When kids hear the word ‘vision,’ they think of eyesight, but we encourage students to think about creating a vision to reach a goal.
Creating a vision is one of the best steps any goal setter can take. If you want a Black Belt, you set the goal and then earn it. If you want the house, you set the goal and then you get it. This is all good; however, a piece of the puzzle is missing. Vision doesn’t stop with the Black Belt or the house. It goes further by envisioning what kind of life you want to live. This means when you create a vision, you’ll need a better view of what you want out of life.
When you have a vision of what you want, you automatically feel passionate about it, which helps you achieve it. If you ever asked your children to clean their rooms, chances are they didn’t want to do it. However, if you told them you wanted their help in redecorating their rooms, they jumped right in to help because they were dreaming of the colors and ways it could change. It’s human nature and we all do it. That small step of visualizing the possibility makes a big difference in achieving goals.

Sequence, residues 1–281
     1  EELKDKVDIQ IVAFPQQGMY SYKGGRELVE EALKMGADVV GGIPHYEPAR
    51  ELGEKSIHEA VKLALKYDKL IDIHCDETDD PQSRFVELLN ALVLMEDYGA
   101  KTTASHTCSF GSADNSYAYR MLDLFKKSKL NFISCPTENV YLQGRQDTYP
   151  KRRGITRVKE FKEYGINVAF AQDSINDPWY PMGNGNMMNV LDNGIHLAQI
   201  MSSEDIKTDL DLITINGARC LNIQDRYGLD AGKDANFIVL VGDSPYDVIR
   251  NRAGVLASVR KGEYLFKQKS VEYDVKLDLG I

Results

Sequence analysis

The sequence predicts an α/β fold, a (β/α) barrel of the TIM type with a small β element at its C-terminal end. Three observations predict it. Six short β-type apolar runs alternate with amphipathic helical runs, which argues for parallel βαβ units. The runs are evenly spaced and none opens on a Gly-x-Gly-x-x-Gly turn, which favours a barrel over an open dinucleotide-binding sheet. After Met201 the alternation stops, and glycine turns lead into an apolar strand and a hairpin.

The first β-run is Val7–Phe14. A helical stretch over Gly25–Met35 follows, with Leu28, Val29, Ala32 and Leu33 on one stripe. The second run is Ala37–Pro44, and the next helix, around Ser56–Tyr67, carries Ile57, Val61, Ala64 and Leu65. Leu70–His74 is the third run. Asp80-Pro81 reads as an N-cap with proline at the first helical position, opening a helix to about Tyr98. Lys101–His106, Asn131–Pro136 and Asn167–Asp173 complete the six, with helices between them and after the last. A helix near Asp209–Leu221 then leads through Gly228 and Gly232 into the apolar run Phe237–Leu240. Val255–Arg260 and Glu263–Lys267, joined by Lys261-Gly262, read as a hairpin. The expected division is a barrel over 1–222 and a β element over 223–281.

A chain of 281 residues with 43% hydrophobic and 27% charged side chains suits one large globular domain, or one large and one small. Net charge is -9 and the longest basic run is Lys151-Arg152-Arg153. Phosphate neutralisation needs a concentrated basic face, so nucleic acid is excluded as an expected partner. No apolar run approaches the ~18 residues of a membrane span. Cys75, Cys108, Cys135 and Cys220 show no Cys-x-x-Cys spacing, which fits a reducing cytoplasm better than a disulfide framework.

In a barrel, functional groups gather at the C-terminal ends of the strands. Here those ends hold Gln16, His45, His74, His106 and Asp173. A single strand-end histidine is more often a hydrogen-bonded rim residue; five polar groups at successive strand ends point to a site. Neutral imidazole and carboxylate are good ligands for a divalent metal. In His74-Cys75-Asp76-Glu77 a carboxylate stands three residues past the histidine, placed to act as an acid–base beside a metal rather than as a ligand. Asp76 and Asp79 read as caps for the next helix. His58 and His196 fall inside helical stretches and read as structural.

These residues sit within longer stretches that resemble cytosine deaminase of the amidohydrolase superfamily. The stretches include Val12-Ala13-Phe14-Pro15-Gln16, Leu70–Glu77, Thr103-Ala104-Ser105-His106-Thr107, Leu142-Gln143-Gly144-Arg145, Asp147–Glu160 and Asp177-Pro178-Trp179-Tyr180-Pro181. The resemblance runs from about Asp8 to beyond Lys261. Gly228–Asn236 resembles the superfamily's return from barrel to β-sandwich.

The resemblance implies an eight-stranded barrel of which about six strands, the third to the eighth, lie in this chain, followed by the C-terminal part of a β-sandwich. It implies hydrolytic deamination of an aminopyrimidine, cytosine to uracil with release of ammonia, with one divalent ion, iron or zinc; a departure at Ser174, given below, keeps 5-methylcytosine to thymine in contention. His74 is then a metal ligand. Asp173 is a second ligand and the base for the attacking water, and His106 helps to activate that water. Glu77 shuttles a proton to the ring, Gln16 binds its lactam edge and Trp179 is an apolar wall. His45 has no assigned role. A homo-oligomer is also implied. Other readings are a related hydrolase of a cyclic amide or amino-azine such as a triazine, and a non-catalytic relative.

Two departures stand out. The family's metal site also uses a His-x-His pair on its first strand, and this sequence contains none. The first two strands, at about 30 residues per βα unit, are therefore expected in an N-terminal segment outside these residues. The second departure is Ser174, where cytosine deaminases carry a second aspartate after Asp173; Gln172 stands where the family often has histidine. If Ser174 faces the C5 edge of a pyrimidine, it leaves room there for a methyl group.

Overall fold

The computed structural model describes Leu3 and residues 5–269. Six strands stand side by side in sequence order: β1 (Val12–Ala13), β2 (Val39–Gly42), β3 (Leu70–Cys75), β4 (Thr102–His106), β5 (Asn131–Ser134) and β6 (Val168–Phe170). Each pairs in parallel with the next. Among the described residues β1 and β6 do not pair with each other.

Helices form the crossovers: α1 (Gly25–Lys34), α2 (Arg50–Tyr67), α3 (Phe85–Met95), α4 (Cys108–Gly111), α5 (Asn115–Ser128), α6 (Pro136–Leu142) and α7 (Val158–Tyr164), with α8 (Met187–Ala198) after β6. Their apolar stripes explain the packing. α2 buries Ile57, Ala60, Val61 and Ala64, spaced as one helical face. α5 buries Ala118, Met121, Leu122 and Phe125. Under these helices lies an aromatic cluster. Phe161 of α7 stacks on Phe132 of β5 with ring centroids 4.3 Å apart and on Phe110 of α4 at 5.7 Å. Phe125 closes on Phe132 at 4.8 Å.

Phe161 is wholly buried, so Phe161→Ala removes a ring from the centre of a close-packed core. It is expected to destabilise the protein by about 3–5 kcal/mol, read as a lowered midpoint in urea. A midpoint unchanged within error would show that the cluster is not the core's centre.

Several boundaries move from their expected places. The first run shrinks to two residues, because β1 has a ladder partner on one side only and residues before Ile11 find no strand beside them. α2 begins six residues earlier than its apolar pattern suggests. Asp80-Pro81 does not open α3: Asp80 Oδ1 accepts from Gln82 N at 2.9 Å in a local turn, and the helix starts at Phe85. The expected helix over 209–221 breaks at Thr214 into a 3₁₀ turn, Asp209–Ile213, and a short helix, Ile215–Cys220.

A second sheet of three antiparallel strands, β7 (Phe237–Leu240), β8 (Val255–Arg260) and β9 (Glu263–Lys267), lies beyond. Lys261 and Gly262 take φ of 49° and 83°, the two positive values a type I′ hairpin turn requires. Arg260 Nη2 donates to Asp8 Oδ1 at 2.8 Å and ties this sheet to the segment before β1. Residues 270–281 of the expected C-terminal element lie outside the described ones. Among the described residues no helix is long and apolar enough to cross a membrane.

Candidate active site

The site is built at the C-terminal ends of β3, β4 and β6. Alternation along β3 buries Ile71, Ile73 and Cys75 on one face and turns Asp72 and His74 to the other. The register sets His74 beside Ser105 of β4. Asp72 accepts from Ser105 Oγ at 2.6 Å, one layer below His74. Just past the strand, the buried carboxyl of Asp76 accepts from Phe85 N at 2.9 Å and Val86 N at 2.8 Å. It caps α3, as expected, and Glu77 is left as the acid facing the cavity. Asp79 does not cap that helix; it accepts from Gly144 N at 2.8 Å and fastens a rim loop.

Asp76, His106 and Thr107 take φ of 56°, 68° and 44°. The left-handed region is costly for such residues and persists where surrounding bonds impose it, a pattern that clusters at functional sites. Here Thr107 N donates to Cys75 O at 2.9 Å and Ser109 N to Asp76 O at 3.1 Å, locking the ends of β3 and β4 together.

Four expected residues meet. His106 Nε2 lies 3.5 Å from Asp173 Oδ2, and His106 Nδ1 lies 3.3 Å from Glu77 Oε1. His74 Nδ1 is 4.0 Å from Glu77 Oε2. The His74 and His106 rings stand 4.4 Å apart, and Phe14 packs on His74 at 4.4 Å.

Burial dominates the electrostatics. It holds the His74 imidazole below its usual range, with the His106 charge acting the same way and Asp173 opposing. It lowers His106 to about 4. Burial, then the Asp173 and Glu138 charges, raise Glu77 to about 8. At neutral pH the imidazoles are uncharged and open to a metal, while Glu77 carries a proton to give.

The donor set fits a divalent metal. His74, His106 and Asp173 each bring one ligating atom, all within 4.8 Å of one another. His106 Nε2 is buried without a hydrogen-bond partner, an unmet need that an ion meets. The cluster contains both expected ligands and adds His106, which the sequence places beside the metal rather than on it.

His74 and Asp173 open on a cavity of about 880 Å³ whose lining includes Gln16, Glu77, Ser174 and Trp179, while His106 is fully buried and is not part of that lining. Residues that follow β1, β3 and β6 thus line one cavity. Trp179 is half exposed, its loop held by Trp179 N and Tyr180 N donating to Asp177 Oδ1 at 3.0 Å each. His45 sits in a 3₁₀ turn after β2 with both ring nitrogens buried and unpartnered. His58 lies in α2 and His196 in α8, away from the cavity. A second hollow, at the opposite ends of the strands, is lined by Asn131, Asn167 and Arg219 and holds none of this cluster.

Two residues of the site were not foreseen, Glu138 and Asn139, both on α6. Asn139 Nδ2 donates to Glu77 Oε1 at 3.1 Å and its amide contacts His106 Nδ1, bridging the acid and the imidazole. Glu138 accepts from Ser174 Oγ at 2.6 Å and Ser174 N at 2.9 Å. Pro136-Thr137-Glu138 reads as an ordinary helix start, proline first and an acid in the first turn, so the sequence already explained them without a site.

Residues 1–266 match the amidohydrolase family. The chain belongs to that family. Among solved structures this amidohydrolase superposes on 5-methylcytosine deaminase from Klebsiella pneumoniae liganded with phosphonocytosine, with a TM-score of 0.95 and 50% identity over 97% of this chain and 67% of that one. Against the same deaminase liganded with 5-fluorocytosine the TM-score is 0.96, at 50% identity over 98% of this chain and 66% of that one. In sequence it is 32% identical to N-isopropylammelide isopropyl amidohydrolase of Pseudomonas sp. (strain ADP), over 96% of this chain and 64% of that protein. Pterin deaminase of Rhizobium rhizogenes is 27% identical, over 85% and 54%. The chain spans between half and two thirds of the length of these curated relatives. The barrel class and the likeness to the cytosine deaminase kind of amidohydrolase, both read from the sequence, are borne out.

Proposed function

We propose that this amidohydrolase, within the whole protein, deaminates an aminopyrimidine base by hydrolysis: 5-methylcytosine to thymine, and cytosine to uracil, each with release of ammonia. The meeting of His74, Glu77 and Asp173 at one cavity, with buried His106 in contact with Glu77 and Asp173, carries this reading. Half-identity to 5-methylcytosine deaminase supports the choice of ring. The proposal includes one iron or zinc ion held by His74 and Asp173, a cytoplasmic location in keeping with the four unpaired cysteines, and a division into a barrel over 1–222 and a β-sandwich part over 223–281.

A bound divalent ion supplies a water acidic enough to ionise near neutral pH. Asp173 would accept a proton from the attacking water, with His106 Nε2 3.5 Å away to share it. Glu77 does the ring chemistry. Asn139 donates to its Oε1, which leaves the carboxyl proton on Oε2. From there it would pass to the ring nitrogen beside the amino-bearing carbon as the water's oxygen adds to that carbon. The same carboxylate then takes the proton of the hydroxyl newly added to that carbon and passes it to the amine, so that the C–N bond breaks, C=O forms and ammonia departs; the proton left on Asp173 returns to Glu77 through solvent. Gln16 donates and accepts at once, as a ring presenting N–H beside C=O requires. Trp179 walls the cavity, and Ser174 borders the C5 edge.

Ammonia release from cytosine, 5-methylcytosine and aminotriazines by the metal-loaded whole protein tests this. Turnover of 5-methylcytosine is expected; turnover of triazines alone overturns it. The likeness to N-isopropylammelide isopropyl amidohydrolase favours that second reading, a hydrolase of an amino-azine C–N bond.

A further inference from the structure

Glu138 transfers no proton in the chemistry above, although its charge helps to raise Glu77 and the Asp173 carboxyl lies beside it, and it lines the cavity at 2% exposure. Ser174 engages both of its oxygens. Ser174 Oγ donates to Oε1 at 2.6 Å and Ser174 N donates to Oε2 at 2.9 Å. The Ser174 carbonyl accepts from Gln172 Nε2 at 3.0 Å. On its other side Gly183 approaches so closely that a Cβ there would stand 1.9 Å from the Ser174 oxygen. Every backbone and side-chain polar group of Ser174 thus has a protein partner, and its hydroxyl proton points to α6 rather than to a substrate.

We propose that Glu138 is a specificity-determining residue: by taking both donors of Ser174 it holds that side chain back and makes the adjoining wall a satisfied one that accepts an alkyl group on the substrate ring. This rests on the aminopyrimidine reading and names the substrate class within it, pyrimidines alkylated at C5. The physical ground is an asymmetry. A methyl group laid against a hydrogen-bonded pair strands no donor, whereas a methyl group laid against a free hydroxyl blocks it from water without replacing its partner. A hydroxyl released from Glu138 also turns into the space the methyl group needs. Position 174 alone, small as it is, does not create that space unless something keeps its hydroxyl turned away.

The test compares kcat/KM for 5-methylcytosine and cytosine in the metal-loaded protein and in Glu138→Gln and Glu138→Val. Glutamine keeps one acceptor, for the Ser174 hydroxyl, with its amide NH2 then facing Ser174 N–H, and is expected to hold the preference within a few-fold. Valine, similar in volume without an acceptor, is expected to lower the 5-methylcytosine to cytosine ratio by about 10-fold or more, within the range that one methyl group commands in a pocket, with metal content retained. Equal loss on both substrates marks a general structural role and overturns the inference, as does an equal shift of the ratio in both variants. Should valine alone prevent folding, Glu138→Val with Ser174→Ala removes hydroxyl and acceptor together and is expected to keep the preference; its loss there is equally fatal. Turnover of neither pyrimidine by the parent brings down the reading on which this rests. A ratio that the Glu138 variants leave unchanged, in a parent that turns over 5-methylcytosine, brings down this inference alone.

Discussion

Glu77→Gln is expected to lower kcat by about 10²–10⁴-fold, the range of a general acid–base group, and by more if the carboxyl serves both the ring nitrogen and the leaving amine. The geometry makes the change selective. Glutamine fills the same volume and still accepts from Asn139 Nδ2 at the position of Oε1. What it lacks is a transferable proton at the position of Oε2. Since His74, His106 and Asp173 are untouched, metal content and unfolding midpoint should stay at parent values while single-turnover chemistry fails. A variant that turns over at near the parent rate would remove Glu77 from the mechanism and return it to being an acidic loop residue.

Below are a few suggestions you may find useful in teaching envisioning goals at home:
- Ask your kids what they want to be when they grow up; then, discuss the steps they will need to take to reach that goal. Sure, their vision will change over the years, but the process of realizing the goal stays the same.
- Share with your children a goal you had when you were their age and how you would dream about the end result. Example: You dreamed of playing professional sports, so you practiced every day. You may not be a professional athlete, but you still enjoy the sport.
- Even if you don’t have your dream job, share with your kids how passionate you are about other activities, e.g. hobbies, sports, community service, clubs, etc.